an insanely busy period, probably the busiest period on climate action that i can remember. and one of the most, one of moments filled with the most potential that i think we've ever really seen on this issue. can you discuss with me how the blue green alliance is operating to incentivize the government or try to encourage lawmakers to take climate initiatives, especially seriously, to look at the intersection between, focused on the intersection between the climate action, and clean energy jobs? >> yes, great question. let me start with the big picture. the blue green alliance is a coalition of labor unions and
environmental organizations. it's our partnerships guiding principle that we shouldn't have to choose between good jobs and a clean environment. we can and must have both. we are now in a unique moment in which we can advance policy solutions and make policy choices, as we design by the reconciliation legislation, to rebuild our economy, to be cleaner, and stronger and more equitable. i think as a country, we have learned pretty, or relearned pretty painfully over the last couple of years just how many workers are living pay check to paycheck. how weakened we are by economic and racial inequality. and how deeply we are in the midst of a climate emergency. we have the ability with budget reconciliation to advance solutions to these crises that are as mutually reinforcing and
intersecting as their causes. and we feel like we can't afford not to take advantage of this opportunity. >> and on the jobs piece, you know, being a coalition that some would have thought were, wasn't going to get as mainstream, so much mainstream attention in the climate sphere as the biden administration has really whole scale adopted, you know, the view that climate action is a jobs program, and that these are for good union paying jobs. they said that over and over again. and i'm just curious how you see the balance coming out between if we make these once in a generation investments, in clean energy, versus where we are now,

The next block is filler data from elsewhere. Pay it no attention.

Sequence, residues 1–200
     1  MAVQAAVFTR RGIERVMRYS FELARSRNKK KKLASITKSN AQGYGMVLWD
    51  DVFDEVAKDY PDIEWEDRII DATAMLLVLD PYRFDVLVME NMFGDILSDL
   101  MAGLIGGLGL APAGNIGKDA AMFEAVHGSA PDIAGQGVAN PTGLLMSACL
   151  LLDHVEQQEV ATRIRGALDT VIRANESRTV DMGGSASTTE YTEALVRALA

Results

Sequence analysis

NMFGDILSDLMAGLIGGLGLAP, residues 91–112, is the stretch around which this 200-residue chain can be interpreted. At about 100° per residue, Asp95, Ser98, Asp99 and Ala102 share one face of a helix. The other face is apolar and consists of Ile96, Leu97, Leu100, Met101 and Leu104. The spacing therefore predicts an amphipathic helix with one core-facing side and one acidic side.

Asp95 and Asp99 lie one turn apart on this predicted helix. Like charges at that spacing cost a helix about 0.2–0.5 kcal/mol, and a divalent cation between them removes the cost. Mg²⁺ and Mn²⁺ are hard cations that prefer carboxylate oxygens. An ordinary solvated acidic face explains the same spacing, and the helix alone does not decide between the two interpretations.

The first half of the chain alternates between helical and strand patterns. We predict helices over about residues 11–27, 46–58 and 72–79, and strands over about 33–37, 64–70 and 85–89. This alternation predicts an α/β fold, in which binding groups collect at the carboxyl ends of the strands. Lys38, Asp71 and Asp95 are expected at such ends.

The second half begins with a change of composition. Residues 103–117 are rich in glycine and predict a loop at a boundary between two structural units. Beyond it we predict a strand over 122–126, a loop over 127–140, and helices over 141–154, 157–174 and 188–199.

where we have been just on the number of jobs involved in these energy technologies, and maybe some of the wages involved, like how big of a game do you see this being? and do you think that lawmakers get that? because there's still rhetoric among capitol hill about this costing jobs potentially. >> so there's a big question, maybe, let's focus on the power sector, right because that's often what we're talking about when we talk about clean energy jobs. >> yes. >> in the power sector alone, we're going to have to at least quadruple already historic levels of clean energy deployment every year over the next ten years, to even be on a pathway it meet our long-term climate targs, right?
and then ultimately we're all kind of steering towards net zero emissions by 2050. if we get the policies and investment levels right, we will have to manufacture, install, operate, maintain, retrofit an enormous amount of new clean generation, and new energy efficiency technologies, and that will create a huge number of new jobs. their there are different analyses out there, the one that i think is really succinct and powerful is by the rodian group, they estimate that on net, we're looking at every year, again, just in the power sector, 600,000 new jobs created. so that's a big deal. that's a lot of jobs. from the perspective of our coalition, the big challenges in doing that successfully, to hit